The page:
|Publication number||US8147594 B2|
|Application number||US 12/160,056|
|Publication date||Apr 3, 2012|
|Filing date||Jan 29, 2007|
|Priority date||Feb 1, 2006|
|Also published as||CA2636637A1, CA2636637C, EP1981617A2, EP1981617A4, EP1981617B1, US20090007787, WO2007090085A2, WO2007090085A3|
|Publication number||12160056, 160056, PCT/2007/61225, PCT/US/2007/061225, PCT/US/2007/61225, PCT/US/7/061225, PCT/US/7/61225, PCT/US2007/061225, PCT/US2007/61225, PCT/US2007061225, PCT/US200761225, PCT/US7/061225, PCT/US7/61225, PCT/US7061225, PCT/US761225, US 8147594 B2, US 8147594B2, US-B2-8147594, US8147594 B2, US8147594B2|
|Inventors||Eric Wright, Richard Kohar|
|Original Assignee||New York Air Brake Corporation|
|Export Citation||BiBTeX, EndNote, RefMan|
|Patent Citations (32), Non-Patent Citations (8), Referenced by (3), Classifications (16), Legal Events (1)|
|External Links: USPTO, USPTO Assignment, Espacenet|
This Application claims priority to PCT/US07/61225, 60/763,913, filed Feb. 1, 2006, and 60/829,042, filed Oct. 11, 2006.
The present invention relates generally to air dryers, and more specifically, to an air dryer for a brake system for vehicles.
Air dryers employing membranes consisting of a permeable membrane capable of blocking the passage of nitrogen and oxygen molecules, but allowing water vapor molecules to pass through, as described in U.S. Pat. Nos. 6,719,825 and 5,525,143 amongst many others. In one variation of the technology, the air to be dried passes through the center of the membrane element. The membrane permits the passage of the water vapor to the outside of the membrane, but prevents the passage of the air to the outside of the membrane, thereby drying the air. To work effectively, the outside of the membrane must be kept dry and at a lower pressure than the inside, creating the partial pressure differential to drive the water vapor out. This is done by providing some fraction of the dry output air as a counter flow sweep air across the outside of the membrane. The sweep air can be provided by sweep air orifice(s) connecting the dry air in the membrane air dryer outlet to the sweep air chamber surrounding the outside of the membrane. The orifices control the volume of sweep air, typically 10-20% of the dryer capacity and create a pressure drop in the sweep air volume. The sweep air and entrapped moisture are expelled to atmosphere. U.S. Pat. No. 5,375,620 shows a self-adjusting flow metering device for the sweep air.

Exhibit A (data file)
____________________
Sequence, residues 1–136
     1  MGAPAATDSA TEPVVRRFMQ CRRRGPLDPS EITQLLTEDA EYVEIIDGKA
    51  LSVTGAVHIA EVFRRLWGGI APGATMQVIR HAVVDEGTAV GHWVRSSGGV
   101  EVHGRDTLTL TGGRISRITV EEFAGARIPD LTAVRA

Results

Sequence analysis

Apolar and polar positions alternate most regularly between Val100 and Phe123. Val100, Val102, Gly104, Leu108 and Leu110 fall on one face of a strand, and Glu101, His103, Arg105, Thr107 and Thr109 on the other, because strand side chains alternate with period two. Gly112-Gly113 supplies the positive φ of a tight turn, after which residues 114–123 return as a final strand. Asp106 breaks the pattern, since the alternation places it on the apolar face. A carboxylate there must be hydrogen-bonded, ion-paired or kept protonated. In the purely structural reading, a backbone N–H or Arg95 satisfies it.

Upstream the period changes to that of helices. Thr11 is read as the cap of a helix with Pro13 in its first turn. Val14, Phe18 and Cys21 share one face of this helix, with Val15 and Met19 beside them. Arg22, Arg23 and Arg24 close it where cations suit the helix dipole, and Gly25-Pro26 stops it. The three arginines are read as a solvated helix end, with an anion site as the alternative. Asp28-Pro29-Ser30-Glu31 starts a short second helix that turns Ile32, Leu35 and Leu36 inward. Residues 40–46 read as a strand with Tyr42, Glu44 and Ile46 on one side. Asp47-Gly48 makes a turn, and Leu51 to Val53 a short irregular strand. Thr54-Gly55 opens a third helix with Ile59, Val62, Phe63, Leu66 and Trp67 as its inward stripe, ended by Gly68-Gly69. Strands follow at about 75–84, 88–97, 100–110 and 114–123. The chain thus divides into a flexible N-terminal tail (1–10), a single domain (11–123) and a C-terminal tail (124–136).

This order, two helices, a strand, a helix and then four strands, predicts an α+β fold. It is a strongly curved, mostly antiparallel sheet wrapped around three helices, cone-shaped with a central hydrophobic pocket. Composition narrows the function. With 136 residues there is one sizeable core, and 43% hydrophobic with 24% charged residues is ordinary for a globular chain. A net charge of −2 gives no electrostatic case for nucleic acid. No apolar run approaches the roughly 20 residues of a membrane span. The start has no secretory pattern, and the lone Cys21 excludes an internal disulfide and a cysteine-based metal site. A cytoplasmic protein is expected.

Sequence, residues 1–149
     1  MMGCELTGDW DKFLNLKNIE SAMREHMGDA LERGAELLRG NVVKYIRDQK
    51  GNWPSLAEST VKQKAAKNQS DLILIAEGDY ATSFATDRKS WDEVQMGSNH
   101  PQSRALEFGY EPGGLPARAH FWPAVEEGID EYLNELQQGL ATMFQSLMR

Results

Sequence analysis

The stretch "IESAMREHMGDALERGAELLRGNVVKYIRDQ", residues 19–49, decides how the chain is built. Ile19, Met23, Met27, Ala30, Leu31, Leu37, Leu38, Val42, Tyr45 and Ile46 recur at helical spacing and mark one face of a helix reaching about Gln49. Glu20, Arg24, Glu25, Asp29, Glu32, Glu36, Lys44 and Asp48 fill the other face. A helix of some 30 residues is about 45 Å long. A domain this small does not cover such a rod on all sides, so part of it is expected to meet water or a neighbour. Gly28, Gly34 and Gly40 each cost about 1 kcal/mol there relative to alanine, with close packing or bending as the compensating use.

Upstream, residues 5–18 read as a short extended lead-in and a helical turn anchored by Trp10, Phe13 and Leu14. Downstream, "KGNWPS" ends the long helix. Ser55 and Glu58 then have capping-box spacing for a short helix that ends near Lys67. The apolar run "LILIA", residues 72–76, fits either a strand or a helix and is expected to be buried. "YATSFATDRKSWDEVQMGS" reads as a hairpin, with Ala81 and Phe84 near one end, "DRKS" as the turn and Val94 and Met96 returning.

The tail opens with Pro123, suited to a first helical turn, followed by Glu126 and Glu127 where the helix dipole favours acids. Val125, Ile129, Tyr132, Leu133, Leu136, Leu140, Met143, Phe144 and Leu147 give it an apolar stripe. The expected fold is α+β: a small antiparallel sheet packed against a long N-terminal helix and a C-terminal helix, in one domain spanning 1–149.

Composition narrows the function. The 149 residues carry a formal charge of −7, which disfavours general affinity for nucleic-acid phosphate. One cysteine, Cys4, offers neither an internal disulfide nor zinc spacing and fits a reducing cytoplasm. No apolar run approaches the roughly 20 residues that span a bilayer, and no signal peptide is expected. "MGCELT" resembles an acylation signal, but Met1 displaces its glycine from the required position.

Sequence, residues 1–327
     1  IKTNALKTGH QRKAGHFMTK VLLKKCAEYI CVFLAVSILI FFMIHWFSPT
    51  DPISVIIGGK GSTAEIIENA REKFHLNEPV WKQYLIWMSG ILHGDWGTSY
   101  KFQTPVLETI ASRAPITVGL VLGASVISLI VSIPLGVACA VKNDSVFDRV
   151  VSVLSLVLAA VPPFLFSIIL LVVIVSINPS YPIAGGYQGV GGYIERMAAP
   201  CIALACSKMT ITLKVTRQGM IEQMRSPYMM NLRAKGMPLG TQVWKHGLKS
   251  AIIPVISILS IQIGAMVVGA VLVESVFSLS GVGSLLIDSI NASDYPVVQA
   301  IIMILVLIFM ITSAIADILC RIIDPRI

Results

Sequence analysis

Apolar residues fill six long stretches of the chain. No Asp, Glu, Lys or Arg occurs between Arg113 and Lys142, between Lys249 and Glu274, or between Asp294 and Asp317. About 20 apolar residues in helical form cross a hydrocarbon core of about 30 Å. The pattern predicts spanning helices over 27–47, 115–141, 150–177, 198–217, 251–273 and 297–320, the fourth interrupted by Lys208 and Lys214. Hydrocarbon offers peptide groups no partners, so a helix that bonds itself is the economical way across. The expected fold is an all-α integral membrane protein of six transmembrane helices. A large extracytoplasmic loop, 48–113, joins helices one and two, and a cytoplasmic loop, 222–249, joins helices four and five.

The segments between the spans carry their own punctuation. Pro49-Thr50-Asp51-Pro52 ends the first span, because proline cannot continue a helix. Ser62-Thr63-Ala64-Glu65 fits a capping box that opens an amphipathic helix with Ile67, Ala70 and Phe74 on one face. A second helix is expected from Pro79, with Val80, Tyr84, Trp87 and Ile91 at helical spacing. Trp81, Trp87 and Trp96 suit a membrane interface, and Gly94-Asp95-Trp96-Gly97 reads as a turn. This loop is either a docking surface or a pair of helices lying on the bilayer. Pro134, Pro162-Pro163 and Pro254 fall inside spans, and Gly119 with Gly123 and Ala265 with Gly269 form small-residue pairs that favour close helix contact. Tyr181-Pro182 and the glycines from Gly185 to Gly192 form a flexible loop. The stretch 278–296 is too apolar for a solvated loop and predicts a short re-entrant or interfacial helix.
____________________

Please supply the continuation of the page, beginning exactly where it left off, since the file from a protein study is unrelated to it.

The present disclosure is directed to an air dryer, for example, for locomotives, packaged to fit inside a reservoir. The air dryer is generally cylindrical with a circular mounting flange on one end, which bolts to a similar mounting flange welded to the end of the reservoir. This arrangement solves the problem of finding room for the air dryer between main reservoir #1 and #2 on a locomotive, protects the air dryer and especially the vulnerable membrane element from the very high ambient temperatures (as high as 300 degrees F.) during operation of the locomotive in tunnels; protects the air dryer from environmental hazards, like flying stone ballast; eliminates installation piping, and minimizes weight.
Such a membrane air dryer includes a housing with an air inlet, an air outlet, a liquid drain outlet; and a membrane separator having surfaces extending between a first and second ends of the membrane. A first passage in the housing is connected to the air inlet and air outlet at its respective ends and extends between the first and second ends of the membrane along surfaces of the membrane. A second passage in the housing is connected to the drain outlet and air outlet at its respective ends and extends between the first and second ends of the membrane along surfaces of the membrane. A valve is connected between the second passage and the drain outlet for controlling the draining of the liquid and sweep air flow through the second passage.
Another air dryer includes a housing with an air inlet, an air outlet and first and second liquid drain outlets. A membrane dryer is mounted to the housing and includes a first passage connected to the air inlet and the air outlet at its respective ends and a second passage connected to the first drain outlet and the air outlet at its respective ends. A coalescing filter, with or without a particulate filter, maybe connected in a series in the housing, connects the air inlet to the first passage of the membrane dryer, and the coalescing filter is connected to the second drain outlet.